Guest Essayist: Amanda Hughes


“Congress shall make no law respecting an establishment of religion, or prohibiting the free exercise thereof; or abridging the freedom of speech, or of the press; or of the right of the people peaceably to assemble, and to petition the Government for a redress of grievances.” –First Amendment to the United States Constitution

Fake news? Real news? Newswriting has no end. What matters most among abundant sources of information, however, is an ability to maintain freedom of speech including that of the press. Certainly, without integrity in journalism news is not news and only amounts to opinion. Yet, above that, the United States Constitution includes the law that Congress is not allowed to abridge (prevent, suppress, gag) the press. To do so invites tyranny.

Known as the Fourth Estate, an independent institution that keeps an eye on government, Edmund Burke, a British statesman, is said to have observed the vital role of the press in effective, accountable, representative governing:

“there were Three Estates in Parliament; but, in the Reporters’ Gallery yonder, there sat a Fourth Estate more important far than they all.”

For reasons such as Burke noted, much effort is invested in preserving freedom of speech and of the press as the Founders intended in the United States Constitution. So the American people may observe laws being made and participate in the legislative process, Congress and the press use opportunities availed by latest innovations such as modern technology to help connect Americans to the workings which make up that process.

However, even with best efforts to report on events from local to worldwide, it is no small task to ensure stories are accurate especially in today’s 24-hour news cycle. Human beings, imperfect and owning personal beliefs, provide no lack of doubt to go around regarding trustworthiness of all who write and disseminate “the news.”

This fact is part of what makes the business of journalism difficult, drawing ire on both sides of the political aisle. The work of media production is a business full of competition for readers, viewers, and ratings. It is also important. The press was important enough an institution to get placed specifically in the United States Constitution. Included in the Constitution – the law of the land – a free press matters within the system of checks and balances between the legislative, executive, and judicial branches of American government.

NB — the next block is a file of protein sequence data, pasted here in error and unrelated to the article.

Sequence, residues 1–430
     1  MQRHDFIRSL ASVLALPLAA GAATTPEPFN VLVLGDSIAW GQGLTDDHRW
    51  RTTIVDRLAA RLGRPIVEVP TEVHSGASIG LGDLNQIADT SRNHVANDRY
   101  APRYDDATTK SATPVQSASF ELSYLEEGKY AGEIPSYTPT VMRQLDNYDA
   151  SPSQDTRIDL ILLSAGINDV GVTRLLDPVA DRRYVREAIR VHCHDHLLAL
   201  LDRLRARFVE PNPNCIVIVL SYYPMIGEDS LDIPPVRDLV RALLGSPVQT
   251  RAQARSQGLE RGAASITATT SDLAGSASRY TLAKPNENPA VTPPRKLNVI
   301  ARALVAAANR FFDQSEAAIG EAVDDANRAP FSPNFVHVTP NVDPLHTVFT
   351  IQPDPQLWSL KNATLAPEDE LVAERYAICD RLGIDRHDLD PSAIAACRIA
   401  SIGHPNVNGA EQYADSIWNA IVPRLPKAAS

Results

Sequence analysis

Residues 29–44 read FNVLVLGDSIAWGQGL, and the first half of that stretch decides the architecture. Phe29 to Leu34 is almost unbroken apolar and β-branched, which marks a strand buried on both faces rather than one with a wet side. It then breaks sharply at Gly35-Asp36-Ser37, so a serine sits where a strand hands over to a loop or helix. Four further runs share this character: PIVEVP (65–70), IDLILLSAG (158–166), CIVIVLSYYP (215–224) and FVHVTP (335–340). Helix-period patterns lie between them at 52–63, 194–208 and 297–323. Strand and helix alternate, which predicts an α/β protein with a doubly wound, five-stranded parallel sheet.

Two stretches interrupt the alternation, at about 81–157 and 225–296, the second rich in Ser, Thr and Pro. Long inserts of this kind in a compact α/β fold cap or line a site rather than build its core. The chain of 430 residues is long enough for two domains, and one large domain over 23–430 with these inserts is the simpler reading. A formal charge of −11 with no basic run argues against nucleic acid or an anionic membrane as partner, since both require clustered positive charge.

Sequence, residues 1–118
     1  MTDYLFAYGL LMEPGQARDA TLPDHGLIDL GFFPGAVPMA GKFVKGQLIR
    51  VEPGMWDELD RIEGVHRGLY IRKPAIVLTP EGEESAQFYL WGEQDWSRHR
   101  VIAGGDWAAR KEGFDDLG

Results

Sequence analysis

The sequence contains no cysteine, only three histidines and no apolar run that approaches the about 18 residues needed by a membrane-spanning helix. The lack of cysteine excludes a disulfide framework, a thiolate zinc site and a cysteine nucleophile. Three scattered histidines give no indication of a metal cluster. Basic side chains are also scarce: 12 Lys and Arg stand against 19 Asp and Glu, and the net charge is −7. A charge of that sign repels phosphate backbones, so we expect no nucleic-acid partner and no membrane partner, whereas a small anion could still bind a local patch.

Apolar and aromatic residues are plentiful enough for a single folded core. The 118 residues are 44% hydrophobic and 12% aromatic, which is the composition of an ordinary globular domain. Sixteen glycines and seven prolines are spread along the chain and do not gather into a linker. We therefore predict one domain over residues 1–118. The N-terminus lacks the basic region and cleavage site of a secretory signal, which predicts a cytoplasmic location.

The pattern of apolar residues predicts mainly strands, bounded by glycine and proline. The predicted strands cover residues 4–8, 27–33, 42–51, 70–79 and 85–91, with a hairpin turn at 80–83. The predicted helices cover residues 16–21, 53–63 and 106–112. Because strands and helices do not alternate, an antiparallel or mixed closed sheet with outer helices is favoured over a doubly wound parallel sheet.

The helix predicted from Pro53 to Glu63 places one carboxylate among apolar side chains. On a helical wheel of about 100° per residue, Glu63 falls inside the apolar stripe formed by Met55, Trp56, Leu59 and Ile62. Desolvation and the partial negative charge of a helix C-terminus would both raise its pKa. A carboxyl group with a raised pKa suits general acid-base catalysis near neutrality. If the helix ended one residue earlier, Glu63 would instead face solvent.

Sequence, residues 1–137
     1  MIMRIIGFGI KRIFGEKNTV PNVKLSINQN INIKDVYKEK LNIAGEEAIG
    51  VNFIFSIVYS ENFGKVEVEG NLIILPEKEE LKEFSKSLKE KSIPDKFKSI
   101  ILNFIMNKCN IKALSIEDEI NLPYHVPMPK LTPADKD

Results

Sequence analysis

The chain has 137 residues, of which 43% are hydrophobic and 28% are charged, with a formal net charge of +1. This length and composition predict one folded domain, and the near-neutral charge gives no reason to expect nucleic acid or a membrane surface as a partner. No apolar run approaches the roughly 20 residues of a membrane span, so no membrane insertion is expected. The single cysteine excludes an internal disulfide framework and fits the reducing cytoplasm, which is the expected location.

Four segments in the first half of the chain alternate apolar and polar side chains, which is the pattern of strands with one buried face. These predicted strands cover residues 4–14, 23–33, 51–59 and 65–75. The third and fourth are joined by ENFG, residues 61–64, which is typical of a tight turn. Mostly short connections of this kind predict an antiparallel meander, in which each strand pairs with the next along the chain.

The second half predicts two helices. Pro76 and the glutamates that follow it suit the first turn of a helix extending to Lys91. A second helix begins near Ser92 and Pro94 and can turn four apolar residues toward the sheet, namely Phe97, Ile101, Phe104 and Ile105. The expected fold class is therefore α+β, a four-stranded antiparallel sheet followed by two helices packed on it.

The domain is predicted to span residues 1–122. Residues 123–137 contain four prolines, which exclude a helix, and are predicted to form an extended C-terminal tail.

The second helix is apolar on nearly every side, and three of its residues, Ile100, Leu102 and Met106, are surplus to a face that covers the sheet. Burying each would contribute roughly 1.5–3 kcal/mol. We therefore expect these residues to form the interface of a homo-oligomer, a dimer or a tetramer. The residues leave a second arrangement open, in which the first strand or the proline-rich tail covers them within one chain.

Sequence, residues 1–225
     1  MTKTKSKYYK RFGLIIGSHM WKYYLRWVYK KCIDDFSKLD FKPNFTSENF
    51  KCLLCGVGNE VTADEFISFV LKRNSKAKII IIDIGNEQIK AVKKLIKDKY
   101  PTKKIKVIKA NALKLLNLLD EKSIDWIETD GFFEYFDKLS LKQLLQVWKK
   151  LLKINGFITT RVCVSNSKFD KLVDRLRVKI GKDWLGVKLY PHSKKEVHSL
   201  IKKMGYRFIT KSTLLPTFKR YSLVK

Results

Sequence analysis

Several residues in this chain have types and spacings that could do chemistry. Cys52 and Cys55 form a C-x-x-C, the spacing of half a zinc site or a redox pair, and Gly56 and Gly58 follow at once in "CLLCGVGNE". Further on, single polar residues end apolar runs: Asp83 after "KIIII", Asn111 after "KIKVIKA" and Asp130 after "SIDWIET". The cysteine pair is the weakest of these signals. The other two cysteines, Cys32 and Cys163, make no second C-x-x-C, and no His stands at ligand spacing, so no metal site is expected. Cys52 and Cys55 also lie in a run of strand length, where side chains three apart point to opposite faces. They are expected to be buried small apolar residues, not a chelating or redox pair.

As if it were not challenging enough to serve in elected office, Members of Congress must continually pay attention to what they say and how they say it in public, or in whatever form arises that could put them “on the air.” They learn how easy it is to feel that one’s words were taken out of context. It is definitely easy to misunderstand the words of others in normal day-to-day communications, and elected leaders especially must be sure to understand their own views in order to convey what they mean clearly when news can move quickly throughout a day. This means Members of Congress must pay attention so they are not quoted in a way they deem unfavorable or untruthful about their stance on issues, or is unfair coverage.

The press plays an important role in making sure news is accurately covered, timely, and what is generally considered newsworthy. Members of Congress, on the other hand, must handle the moving of bills through the legislative process while keeping constituents informed on what is happening. It is challenging to see reports on legislation moving through the process that receive negative coverage for which Members must stop to do damage control. A reason is often within the very process – legislation not yet completely through a step. When news pieces go out that say what a bill does or does not do, and a controversial question arises as a result of the news, reactions to the bill may bring on a firestorm Members believe they must stop work in order to address and “put out fires.”

It is not necessarily bad that this happens as it is an example of the required checks on government the press affords. At the same time, integrity of the press, and trust that journalists are doing their homework by asking questions that offer the best, balanced coverage is a must.

Journalists must make every effort to report the truth about where a bill is in the process, whether amendments are currently being offered, and so on to accurately show what is occurring.

Gaining an appreciation for how Congress and the press work helps shed light on the important role of each. Managing how the press and Congress operate so both function as designed takes an understanding of each other, by each other, and by the American people who consume the news and participate in the legislative process.

Amanda Hughes serves as Outreach Director, and 90 Day Study Director, for Constituting America. She is the author of Who Wants to Be Free? Make Sure You Do!, and a story contributor for the anthologies Loving Moments(2017), and Moments with Billy Graham(forthcoming).


United States House of Representatives – Media Resources

United States Senate – Media Galleries

The Dirksen Center Resources – “Reporting on Congress: The Role of the Media”

History, Art & Archives – United States House of Representatives Multimedia, “Tradition in the House Press Gallery”

The National Press Club

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